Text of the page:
The theory about this type of leveling is not very difficult. Unfortunately, hard facts of reality often nullify any possible advantage of this type of leveling. In fact, most of these types of leveling that I have seen were complete rubbish. They were a dog-and-pony-show to please management at the expense of performance and shop floor efficiency. In this post I will explain to you how it is supposed to work in theory. In the next post I will explain why it rarely works in practice .
One approach to leveling (also known as heijunka [平準化], or production smoothing) is capacity leveling: Do not add more production orders into the system than what the system can handle. Try to produce the same total quantity every day. Doable for almost everybody, and one of my favorites. In fact, if you are using a pull system like kanban or CONWIP, then you are already almost there.
This approach is not the highest and best form of leveling, but it is doable for almost all firms. Some other approaches, notably an Every Product Every Cycle (EPEC) approach, often do more harm than good.
Production leveling, also known as heijunka (平準化) or production smoothing, is one of the hottest topics in lean manufacturing. Successful leveling is considered one of the highest achievements in lean manufacturing. Unfortunately, if the production system is not ready for leveling, it also has lots of potential to make things worse. A lot worse! This is the first post in a longer series of post about leveling, where I will present different types of leveling and their advantages and disadvantages.
Eliyahu Goldratt developed different methods on how to manage production systems. These methods are nowadays known as the Theory of Constraints, or TOC for short. One key method described is called Drum-Buffer-Rope, or DBM for short. Similar to Kanban or CONWIP, it aims to constrain the work in progress (WIP) in the system. There is much discussion on which method is better than the other, although the result often depends heavily on with which method the respective author earns its living. In this post I will present how Drum-Buffer-Rope works, and discuss its advantages and shortcomings.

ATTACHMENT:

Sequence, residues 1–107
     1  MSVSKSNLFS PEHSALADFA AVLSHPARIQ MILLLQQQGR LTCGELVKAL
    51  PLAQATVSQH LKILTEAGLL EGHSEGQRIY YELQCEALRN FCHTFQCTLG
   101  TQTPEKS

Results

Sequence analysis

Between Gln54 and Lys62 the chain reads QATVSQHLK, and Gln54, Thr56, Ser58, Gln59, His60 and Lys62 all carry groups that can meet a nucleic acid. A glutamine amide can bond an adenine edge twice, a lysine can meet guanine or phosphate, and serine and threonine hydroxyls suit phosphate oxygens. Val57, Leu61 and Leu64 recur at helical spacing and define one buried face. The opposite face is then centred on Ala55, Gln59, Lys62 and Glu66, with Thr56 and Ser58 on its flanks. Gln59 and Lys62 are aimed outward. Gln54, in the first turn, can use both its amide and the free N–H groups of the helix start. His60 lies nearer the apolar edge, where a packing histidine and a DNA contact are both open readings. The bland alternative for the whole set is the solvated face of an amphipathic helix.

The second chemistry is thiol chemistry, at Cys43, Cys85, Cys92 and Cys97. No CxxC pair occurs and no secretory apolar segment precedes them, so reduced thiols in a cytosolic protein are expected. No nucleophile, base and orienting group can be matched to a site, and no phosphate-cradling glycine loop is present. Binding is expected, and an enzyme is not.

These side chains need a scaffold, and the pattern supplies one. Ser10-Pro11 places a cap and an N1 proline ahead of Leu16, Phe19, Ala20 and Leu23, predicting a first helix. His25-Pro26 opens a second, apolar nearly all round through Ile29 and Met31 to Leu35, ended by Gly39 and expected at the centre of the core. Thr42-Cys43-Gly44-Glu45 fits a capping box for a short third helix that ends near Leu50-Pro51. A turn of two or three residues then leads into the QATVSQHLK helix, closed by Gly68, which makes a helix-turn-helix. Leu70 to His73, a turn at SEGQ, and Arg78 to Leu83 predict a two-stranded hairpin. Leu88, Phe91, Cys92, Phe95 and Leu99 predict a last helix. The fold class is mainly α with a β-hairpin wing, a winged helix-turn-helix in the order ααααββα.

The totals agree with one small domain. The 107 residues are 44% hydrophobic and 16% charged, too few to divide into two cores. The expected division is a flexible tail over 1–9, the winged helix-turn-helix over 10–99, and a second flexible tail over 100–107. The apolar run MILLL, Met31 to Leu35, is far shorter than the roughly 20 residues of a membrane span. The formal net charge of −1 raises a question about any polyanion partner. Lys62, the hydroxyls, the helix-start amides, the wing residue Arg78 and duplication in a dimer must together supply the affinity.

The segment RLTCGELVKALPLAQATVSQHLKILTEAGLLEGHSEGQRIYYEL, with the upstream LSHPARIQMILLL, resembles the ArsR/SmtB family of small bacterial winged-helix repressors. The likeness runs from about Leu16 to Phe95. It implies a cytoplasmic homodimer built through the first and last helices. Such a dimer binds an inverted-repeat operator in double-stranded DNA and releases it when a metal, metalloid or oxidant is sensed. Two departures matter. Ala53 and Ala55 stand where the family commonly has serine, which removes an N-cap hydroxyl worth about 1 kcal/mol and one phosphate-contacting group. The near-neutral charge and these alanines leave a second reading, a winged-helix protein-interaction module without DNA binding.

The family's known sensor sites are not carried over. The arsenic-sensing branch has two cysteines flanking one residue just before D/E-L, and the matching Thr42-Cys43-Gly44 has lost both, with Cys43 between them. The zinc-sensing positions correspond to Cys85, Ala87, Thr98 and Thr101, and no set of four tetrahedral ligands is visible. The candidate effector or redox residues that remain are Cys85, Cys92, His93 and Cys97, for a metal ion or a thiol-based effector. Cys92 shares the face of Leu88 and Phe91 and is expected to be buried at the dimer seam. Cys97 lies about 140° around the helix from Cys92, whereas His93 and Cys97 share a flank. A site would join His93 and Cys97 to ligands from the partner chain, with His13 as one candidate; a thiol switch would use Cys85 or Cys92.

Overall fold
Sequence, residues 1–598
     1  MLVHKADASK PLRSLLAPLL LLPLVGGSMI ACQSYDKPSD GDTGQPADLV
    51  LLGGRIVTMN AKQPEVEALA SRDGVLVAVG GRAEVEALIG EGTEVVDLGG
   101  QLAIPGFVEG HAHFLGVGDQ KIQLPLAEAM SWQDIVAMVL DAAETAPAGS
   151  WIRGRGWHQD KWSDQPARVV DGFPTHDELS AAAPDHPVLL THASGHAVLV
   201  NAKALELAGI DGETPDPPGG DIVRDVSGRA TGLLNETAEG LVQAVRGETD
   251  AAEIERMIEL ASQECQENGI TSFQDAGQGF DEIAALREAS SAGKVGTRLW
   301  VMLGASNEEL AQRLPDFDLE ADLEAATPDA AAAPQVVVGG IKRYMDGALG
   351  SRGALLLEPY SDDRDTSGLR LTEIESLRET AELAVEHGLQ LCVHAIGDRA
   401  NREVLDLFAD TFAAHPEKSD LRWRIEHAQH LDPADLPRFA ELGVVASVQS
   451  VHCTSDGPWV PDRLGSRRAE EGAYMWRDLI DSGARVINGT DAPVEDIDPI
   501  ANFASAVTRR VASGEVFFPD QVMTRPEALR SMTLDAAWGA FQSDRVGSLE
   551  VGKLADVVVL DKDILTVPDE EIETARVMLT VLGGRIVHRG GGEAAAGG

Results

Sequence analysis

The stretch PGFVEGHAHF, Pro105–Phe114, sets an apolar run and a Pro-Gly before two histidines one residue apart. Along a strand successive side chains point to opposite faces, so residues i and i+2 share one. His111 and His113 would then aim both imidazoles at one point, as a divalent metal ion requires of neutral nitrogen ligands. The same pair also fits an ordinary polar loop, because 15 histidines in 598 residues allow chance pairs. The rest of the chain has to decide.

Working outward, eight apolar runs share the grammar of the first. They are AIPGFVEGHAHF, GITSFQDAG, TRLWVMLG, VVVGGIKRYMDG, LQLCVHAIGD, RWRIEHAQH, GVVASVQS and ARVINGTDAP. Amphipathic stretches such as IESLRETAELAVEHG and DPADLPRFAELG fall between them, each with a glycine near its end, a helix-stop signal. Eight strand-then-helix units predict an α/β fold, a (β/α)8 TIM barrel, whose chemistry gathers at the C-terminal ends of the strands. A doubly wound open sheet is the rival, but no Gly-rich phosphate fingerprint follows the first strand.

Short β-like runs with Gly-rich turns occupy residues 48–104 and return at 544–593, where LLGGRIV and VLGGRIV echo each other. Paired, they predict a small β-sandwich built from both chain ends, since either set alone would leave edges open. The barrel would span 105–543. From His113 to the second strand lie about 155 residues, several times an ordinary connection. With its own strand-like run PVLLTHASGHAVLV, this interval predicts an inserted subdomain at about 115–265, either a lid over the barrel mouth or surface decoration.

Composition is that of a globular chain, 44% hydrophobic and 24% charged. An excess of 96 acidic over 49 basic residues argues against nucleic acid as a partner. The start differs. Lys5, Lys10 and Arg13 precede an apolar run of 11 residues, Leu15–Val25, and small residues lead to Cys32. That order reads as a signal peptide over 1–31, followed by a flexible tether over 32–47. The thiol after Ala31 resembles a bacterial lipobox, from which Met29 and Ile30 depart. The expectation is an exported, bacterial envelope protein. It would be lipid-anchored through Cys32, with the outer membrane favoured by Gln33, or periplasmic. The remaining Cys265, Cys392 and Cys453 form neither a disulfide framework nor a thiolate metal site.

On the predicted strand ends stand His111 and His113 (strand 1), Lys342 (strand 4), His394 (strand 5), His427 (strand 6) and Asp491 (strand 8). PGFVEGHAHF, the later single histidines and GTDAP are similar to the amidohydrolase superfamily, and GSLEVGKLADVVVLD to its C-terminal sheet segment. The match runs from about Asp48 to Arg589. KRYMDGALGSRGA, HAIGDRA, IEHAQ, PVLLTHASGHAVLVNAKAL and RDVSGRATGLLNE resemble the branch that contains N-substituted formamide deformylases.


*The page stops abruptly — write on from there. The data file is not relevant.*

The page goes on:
Bottleneck detection and management are important in managing or increasing your production capacity. In the first post of this series I talked about fundamentals and improving utilization. The second post looked at the impact of planning on the overall production capacity. This final post in the series will look at the effect of decoupling and the actual process capacity improvement.
Bottleneck detection and management are important when managing or increasing your production capacity. In the first post of this series, I talked about fundamentals and improving utilization. This second post looks at the impact of planning on the overall production capacity. A third post looks at Bottleneck Decoupling and Capacity Improvement.
In the past I’ve written a few posts with some nifty methods on how to find the bottleneck (The Bottleneck Walk – Practical Bottleneck and The Active Period Method), and some warnings of which methods don’t work. In this post I would like to go into more detail on what to do once you find the bottleneck! Due to the length of this topic, I have split it into multiple posts. This first post gives an introduction and goes into more detail about increasing utilization. The next post talks about planning. A third post looks at Bottleneck Decoupling and Capacity Improvement.
I occasionally watch the reality show Undercover Boss, where top executives work undercover in their own companies. Over and over again I see these managers making the same mistake: They have no understanding whatsoever of what is really happening on the front lines. It is a typical case of not going to the shop floor often enough, or in lean speak, no genchi genbutsu (Japanese for “go and see”). So, <dramatic voice> Why do bosses all make the same mistake? Will they ever learn? Will you enjoy this post? See for yourself in the post below! </dramatic voice>.